By the high-school laws of physics, if the heat entering the system is the same as the heat leaving the system, the system temperature will remain the same. If the heat entering the system exceeds the heat leaving the system, the system temperature will increase without limit. If the heat leaving the system exceeds the heat entering the system, the system temperature will drop without limit.
Of course, there are limits. If the temperature goes up too far, an aquastat will stop the fire, or the water will boil and the pressure relief valve will work. If the temperature goes below the room temperature of the emitters (actually impossible) the emitters would absorb heat from the zone and return it to the system.
Therefore, in normal operation, the heat added to the system is equal to the heat removed from the system and the system temperature remains the same if the environment remains the same.
So we do not really care about temperature drop through these systems. What flow rate gets the most heat out of an emitter with a given input temperature? The maximum flow rate it makes sense to use, because any lower will cause a fixed size emitter to emit less heat. This flow rate will, in fact, have the lowest delta T.
Now consider the boiler. Here we want the boiler to absorb the most heat from the fire. Similarly to the case of the emitters, what flow rate is required to do this? To get the most transfer between the fire and the water, we want the maximum temperature difference possible between the fire side and the water side of the heat exchanger. And how is this obtained? It is obtained by using the maximum reasonable flow rate, because if you use less, the temperature at the exit of the heat exchanger will be hotter than if you used a higher flow rate, and less of the heat would go into the water and the rest would go out the venting system. This flow rate will also have the lowest delta T.
Notice what is going on.
With high flow through the boiler, the gradient between the fire and the water will be highest, resulting in maximum absorbtion of heat (and minimum temperature rise).
With high flow through the emitters, the gradient between the water and the air will be highest, resulting in maximum emission of heat to the load.
Now if the load is taking the maximum heat, there will be less heat returned to the boiler. Its temperature will be higher than with lower flow, but the heat will be less due to the greater flow. We are returning less heat to the boiler.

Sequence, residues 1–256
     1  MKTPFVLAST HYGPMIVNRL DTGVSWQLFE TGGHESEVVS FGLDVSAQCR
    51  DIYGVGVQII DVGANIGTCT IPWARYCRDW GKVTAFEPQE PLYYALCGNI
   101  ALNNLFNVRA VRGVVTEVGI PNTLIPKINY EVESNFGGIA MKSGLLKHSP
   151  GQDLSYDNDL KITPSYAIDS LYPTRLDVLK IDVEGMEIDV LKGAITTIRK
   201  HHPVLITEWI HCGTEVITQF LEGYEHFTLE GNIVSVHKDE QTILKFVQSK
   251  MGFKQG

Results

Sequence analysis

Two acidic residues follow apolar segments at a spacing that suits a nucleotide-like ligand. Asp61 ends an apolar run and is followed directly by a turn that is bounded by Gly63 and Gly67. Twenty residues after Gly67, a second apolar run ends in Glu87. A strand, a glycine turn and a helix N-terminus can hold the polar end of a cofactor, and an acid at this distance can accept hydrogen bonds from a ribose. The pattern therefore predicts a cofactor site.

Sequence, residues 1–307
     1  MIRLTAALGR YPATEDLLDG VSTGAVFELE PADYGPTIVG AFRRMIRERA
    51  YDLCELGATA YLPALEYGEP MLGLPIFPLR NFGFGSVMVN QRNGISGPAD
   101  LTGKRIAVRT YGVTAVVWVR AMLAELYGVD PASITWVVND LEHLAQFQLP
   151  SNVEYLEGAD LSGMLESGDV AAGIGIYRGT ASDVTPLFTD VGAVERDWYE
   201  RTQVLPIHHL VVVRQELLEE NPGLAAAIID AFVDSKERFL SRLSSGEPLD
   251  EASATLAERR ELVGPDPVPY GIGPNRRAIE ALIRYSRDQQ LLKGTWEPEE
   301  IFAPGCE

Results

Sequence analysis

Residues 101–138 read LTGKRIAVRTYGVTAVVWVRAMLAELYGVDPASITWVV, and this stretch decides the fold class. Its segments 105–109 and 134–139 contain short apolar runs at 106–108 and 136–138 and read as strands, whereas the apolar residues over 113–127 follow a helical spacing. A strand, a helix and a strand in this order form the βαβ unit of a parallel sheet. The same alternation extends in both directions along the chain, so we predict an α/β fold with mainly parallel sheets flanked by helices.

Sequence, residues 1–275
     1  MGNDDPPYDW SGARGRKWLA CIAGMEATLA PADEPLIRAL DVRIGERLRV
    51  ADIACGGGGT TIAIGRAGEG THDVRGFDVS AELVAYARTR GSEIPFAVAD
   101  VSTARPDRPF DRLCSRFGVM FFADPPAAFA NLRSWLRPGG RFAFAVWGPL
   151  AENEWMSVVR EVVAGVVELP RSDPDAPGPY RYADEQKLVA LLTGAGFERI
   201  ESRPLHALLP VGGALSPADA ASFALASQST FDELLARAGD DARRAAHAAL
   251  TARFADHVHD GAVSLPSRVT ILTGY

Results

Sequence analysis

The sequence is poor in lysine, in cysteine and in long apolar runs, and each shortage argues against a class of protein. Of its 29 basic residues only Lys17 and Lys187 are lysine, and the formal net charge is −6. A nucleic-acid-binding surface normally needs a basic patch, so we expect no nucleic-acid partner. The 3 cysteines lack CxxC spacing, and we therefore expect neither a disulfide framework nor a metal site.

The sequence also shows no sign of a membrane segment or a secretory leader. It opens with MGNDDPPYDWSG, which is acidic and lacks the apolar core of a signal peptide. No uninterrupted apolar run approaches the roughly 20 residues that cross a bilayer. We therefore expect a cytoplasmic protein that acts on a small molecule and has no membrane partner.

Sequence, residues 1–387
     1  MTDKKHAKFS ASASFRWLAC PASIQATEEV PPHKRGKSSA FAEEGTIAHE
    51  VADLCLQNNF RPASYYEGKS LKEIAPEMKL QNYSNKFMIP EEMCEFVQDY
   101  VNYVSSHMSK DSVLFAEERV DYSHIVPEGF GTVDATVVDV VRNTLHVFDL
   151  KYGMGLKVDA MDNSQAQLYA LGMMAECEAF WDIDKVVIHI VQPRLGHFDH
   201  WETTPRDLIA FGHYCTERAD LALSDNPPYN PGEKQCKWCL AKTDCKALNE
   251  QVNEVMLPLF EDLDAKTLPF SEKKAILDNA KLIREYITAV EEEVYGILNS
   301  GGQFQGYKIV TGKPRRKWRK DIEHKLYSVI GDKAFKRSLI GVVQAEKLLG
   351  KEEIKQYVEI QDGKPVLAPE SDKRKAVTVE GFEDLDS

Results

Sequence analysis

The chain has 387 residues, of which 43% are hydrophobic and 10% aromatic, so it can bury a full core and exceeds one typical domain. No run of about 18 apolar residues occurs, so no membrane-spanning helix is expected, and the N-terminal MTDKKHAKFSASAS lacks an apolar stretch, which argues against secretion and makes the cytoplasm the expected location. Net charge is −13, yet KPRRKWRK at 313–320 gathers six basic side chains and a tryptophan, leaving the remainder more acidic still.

If the boiler is taking in its water from the emitters at a higher temperature, but at a greater flow rate, such that the actual heat is less that at lower flow rates, the actual cooling of the boiler will be greater than otherwise. So the entire system delivers the heat at a lower temperature. That helps everything in a system such as these.
@ April 19, 2013 3:24 PM in Strange CO problemI share your concerns. Someone here (probably Tim McElwain) suggested one of these, that I now have. I have two big-box store CO detectors as well, but this one is right in my bedroom: Mine is a slightly older model.
Here is an interesting video. People here already know it, but it is interesting anyway.
@ April 18, 2013 3:20 PM in I hope I am not beating a dead horse.One of my 007-IFCs is oversized. Not so large as to cause noise, however. I have to look at the thermostat to see if there is a call for heat unless I put my ear right on the baseboard where the supply pipe enters the house. Or I could touch it.
@ April 18, 2013 9:36 AM in I hope I am not beating a dead horse.It may be an extra 100 bucks to install a bee if you are putting in a new system, but if I have a perfectly good 007-IFC removed to put one in, it is whatever the retail cost plus the labor to have the bee installed. And for that I would like the hope of a payback greater than the amount of the electricity saved.
@ April 17, 2013 10:30 PM in I hope I am not beating a dead horse.Actually, I disagree with that.
I am after understanding, not patronizing.
We are back to that other thread where it is clear we disagree, but I am unclear where the disagreement is. So we can go nowhere.